This is a legacy version of the WELL Building Standard. Please check the latest version here.

Material transparency

Material transparency


To promote material transparency along the supply chain.


Just as consumers have a right to know the contents of the food they consume (whether to avoid allergic reactions or to make healthier nutrition choices), they should also have a right to know what is in the products and materials that make up the buildings they occupy. Due to the complex and multi-tiered nature of the global material production supply chain, little is known about the tens of thousands of chemicals in circulation today. This lack of data obscures necessary information required to identify potential hazards to the environment and human health. Demand for material ingredient disclosure at the consumer level pushes supply chain transparency and—even more importantly—supports innovation and green chemistry.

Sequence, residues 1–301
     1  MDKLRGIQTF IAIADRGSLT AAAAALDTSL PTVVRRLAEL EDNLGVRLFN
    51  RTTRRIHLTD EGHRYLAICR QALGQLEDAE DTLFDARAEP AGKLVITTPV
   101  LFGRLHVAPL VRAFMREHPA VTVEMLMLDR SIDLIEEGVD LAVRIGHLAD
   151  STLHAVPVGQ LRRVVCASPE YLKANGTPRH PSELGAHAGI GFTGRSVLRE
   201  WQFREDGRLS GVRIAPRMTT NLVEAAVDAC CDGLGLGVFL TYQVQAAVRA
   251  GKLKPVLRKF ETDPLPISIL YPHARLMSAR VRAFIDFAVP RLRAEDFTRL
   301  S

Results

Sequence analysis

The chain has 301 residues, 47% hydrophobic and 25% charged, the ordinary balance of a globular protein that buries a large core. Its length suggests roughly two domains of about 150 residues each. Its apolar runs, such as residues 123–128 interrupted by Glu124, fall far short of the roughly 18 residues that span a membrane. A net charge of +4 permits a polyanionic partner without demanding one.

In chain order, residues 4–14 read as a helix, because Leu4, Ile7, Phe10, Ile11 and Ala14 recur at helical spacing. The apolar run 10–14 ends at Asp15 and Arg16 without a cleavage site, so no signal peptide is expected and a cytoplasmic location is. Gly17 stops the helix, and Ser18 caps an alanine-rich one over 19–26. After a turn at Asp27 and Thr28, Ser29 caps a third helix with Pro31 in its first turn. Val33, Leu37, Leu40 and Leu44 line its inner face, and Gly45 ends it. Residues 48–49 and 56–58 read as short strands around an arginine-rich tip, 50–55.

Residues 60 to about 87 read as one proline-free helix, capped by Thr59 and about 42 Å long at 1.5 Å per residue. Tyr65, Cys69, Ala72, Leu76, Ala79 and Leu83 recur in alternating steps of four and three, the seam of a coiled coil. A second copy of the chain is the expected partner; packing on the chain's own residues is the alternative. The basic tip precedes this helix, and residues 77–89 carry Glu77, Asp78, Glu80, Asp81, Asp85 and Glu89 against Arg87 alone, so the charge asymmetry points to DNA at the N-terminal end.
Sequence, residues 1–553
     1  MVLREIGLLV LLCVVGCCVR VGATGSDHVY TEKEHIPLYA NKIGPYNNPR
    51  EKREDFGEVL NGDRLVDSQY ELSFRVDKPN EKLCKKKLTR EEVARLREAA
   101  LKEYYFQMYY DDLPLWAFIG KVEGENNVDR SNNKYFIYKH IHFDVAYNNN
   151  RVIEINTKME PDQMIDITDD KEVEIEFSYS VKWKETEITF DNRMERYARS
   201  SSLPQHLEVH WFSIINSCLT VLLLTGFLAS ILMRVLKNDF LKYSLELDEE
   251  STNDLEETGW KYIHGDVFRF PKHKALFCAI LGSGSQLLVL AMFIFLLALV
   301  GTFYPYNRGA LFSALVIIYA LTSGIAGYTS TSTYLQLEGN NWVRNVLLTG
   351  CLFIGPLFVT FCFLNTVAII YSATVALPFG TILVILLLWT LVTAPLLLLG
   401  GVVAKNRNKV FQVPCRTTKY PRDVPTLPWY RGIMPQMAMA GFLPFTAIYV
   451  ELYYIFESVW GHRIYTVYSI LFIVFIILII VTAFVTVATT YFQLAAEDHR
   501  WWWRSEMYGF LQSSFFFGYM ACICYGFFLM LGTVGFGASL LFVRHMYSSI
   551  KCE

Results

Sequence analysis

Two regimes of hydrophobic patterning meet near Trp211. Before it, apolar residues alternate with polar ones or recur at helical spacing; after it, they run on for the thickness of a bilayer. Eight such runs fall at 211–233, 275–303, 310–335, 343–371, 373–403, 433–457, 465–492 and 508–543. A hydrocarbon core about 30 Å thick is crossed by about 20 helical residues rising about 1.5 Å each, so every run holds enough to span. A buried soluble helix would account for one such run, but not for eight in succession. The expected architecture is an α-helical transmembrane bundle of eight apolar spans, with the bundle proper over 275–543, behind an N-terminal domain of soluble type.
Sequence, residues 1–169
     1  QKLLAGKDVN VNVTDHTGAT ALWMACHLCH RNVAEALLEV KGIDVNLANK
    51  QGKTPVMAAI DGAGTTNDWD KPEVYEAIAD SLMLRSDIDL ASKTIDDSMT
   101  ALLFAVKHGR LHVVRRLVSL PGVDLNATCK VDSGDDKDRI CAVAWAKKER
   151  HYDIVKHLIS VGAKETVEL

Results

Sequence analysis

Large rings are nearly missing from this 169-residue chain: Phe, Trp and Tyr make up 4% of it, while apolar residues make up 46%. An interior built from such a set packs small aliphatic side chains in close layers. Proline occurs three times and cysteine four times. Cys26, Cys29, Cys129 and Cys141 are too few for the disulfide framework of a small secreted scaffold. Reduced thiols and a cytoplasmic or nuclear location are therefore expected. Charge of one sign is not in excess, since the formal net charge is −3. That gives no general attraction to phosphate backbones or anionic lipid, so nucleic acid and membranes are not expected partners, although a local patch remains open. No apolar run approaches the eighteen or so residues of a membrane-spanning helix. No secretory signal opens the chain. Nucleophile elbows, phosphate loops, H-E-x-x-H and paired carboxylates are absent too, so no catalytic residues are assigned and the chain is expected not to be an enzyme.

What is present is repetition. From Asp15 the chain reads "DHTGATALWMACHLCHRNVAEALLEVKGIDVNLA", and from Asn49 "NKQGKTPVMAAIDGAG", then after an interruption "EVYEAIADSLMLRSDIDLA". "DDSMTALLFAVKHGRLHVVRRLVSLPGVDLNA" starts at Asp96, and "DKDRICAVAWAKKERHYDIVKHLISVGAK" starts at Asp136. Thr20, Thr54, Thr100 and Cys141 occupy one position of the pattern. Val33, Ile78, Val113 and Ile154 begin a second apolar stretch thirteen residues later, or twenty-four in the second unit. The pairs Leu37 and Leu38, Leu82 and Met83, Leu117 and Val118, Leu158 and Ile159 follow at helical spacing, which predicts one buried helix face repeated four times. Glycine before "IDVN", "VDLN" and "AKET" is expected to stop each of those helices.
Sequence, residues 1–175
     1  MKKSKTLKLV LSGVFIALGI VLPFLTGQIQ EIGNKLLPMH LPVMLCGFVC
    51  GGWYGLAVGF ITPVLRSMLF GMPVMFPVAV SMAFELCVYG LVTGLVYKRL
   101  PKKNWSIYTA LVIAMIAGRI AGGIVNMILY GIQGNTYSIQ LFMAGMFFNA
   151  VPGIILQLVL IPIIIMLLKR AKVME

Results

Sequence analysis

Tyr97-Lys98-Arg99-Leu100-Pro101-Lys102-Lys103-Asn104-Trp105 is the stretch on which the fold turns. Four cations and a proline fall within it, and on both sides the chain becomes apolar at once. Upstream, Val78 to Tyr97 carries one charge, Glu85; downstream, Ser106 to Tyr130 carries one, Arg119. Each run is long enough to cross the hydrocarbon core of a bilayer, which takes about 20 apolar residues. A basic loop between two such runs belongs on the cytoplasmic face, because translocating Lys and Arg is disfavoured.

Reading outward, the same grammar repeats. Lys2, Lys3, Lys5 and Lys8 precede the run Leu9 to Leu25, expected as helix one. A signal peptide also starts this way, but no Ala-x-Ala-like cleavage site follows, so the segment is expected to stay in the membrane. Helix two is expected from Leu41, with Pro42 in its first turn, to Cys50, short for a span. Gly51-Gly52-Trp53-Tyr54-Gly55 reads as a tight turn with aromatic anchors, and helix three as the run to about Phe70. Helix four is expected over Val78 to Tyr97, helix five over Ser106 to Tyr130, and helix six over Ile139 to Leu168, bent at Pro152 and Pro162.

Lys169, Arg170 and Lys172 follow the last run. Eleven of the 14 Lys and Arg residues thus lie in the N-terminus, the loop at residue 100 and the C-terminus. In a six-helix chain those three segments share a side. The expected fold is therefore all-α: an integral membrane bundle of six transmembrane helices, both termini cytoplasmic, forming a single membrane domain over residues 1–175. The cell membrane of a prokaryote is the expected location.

Part 1
Material Information

At least 50% (as measured by cost) of interior finishes and finish materials, furnishings (including workstations) and built-in furniture have some combination of the following material descriptions (in order to contribute, the product must indicate that all ingredients have been evaluated and disclosed down to 1,000 ppm):

Part 2
Accessible Information

The following condition is met:
All declaration information is compiled and made readily available to occupants either digitally or as part of a printed manual.